Actually, nothing controls the bodymind: everything just happens of its own accord. Wild mind seeks constantly to communicate this reality to consciousness, as a rebalancing – through dreams, visions, slips, symptoms, psychoses and sudden enlightenment. It also expresses itself through ‘ideomotor movement’, the spontaneous and unconscious body expressions which accompany us through life. Barrett Dorko (www.barrettdorko.com; see also Spitz20) argues that the constant disciplining and discouraging of these movements in children – ‘Stop fidgeting!’ – is responsible for a large proportion of bodily problems in adults: wild mind prevented from natural homeostatic re-balancing.
Wild mind is inherent wisdom
In her novel The Telling,21 Ursula LeGuin describes a human ‘wild culture’ on another planet, where a teacher says: ‘Animals have no language. They have their nature. You see? They know the way, they know where to go and how to go, following their nature. But we’re animals with no nature. Eh? Animals with no nature! That’s strange! We’re so strange! We have to talk about how to go and what to do, think about it, study it, learn it. Eh? We’re born to be reasonable, so we’re born ignorant.’
Wild mind, however, is not ignorant – although it doesn’t ‘know’ anything (we project knowledge onto its unknowing wisdom). Rather, it is the summation and direct expression of all our experience, of the entire local situation; and, through our co-creation with the rest of the universe, it mirrors and expresses everything the universe is. ‘The depths of mind, the unconscious, are our inner wilderness areas … The conscious, agenda-planning ego occupies a very tiny territory, a little cubicle somewhere near the gate.’9
Again, wild mind’s response to events is a rebalancing one: it seeks to restore peace, to re-establish harmony. This doesn’t come about through eliminating our conscious, domesticated, ‘no nature’ mind, but through reuniting it with its source in wild mind – re-minding us that we are in fact animals, and that we control nothing. Arnold Mindell’s program for therapeutic conflict work sums this up nicely: ‘Value trouble. Accept nature. Make peace with war.’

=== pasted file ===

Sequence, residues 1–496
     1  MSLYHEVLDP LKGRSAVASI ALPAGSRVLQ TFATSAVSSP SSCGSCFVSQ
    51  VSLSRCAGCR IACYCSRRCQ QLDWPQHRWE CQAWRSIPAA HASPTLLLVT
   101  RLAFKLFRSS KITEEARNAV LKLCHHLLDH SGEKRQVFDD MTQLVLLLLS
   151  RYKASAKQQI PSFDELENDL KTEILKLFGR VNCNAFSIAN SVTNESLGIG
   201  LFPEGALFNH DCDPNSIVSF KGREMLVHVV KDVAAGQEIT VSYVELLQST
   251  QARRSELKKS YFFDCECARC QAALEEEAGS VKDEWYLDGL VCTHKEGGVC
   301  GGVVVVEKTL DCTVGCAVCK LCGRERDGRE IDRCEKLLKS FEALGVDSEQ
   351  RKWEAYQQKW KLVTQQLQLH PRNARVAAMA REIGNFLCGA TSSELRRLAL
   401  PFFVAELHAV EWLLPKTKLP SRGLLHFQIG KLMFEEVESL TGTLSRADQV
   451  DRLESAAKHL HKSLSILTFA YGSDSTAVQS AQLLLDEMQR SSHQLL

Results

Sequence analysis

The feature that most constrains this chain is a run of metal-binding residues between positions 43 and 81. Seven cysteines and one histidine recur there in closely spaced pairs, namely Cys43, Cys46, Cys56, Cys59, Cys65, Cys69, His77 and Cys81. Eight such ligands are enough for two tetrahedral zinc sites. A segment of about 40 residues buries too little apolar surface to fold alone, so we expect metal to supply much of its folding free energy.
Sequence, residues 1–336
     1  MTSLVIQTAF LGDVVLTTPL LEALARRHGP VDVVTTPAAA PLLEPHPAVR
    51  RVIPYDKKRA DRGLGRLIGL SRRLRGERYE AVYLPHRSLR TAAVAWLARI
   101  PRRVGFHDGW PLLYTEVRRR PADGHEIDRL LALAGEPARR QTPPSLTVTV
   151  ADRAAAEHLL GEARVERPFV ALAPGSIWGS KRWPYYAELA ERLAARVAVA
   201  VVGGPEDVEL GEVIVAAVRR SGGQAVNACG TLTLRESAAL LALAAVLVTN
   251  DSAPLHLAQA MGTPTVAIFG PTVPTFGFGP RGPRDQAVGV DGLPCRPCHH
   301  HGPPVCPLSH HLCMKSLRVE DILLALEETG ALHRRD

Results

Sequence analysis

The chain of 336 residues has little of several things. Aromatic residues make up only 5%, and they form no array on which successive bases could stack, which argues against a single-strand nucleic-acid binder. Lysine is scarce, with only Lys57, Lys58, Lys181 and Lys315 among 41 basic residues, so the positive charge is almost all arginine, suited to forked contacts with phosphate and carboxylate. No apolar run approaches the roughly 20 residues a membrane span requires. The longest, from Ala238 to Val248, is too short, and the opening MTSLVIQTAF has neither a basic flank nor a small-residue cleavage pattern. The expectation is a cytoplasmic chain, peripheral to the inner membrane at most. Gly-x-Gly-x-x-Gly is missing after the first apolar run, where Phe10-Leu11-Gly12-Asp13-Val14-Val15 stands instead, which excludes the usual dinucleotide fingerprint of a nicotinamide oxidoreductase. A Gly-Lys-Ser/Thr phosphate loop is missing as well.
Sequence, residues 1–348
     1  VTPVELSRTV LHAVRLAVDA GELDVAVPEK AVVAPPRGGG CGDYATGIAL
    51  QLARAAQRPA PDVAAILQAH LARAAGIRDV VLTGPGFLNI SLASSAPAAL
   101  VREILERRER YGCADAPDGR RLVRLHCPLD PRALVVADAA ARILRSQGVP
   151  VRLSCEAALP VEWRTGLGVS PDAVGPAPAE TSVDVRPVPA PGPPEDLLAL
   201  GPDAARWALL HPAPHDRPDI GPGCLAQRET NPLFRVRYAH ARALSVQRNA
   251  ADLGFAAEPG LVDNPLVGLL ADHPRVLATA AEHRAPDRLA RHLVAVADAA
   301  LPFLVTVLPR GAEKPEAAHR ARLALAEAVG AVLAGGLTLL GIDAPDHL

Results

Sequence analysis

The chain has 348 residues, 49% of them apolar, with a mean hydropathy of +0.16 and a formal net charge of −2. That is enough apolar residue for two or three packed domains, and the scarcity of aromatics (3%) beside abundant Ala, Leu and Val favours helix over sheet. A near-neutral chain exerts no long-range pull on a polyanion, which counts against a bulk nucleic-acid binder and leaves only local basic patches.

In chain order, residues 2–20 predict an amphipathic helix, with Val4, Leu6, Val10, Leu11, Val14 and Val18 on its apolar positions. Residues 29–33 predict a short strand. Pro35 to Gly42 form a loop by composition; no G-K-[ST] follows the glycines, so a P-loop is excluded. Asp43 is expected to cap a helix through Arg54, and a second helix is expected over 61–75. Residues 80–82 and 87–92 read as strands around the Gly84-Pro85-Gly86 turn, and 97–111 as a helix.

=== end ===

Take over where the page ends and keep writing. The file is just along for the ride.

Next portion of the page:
Wild mind and therapy
All this has implications for the practice of therapy. From the point of view of the ecology of mind, our work as therapists is to interrupt purpose-obsessed consciousness and relax into wild mind, so as to facilitate the same process in our clients. Insofar as therapy then has a ‘goal’, it is to let go of goals and settle down to what is (Freud called it ‘free association’, roaming the networks of wild mind). If consciousness can abandon its mad, quixotic quest to control reality, a radical lessening of anxiety follows, through a reappraisal of our situation as human beings. We become aware that we experience ourselves as subject to impossible demands; and that these demands are, indeed, impossible – in other words, they do not really exist. Something which previously seemed hugely important and hugely difficult is now quite unimportant. Our domestication becomes rebalanced with our wildness. This is an enormous and life-changing relief.
The Sufi poet Kabir says:1
‘We are all struggling; none of us has gone far.
Let your arrogance go, and look around inside.
The blue sky opens out farther and farther,
The daily sense of failure goes away,
The damage I have done to myself fades,